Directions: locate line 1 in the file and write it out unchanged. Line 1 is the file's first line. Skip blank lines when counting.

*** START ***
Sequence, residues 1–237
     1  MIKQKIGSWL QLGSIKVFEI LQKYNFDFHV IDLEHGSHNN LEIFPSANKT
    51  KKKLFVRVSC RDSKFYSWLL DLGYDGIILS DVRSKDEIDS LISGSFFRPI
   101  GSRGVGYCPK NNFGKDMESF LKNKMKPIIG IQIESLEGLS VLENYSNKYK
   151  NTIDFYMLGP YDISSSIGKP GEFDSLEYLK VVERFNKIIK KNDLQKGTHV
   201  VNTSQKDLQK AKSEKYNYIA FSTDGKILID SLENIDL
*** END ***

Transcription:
Sequence, residues 1–237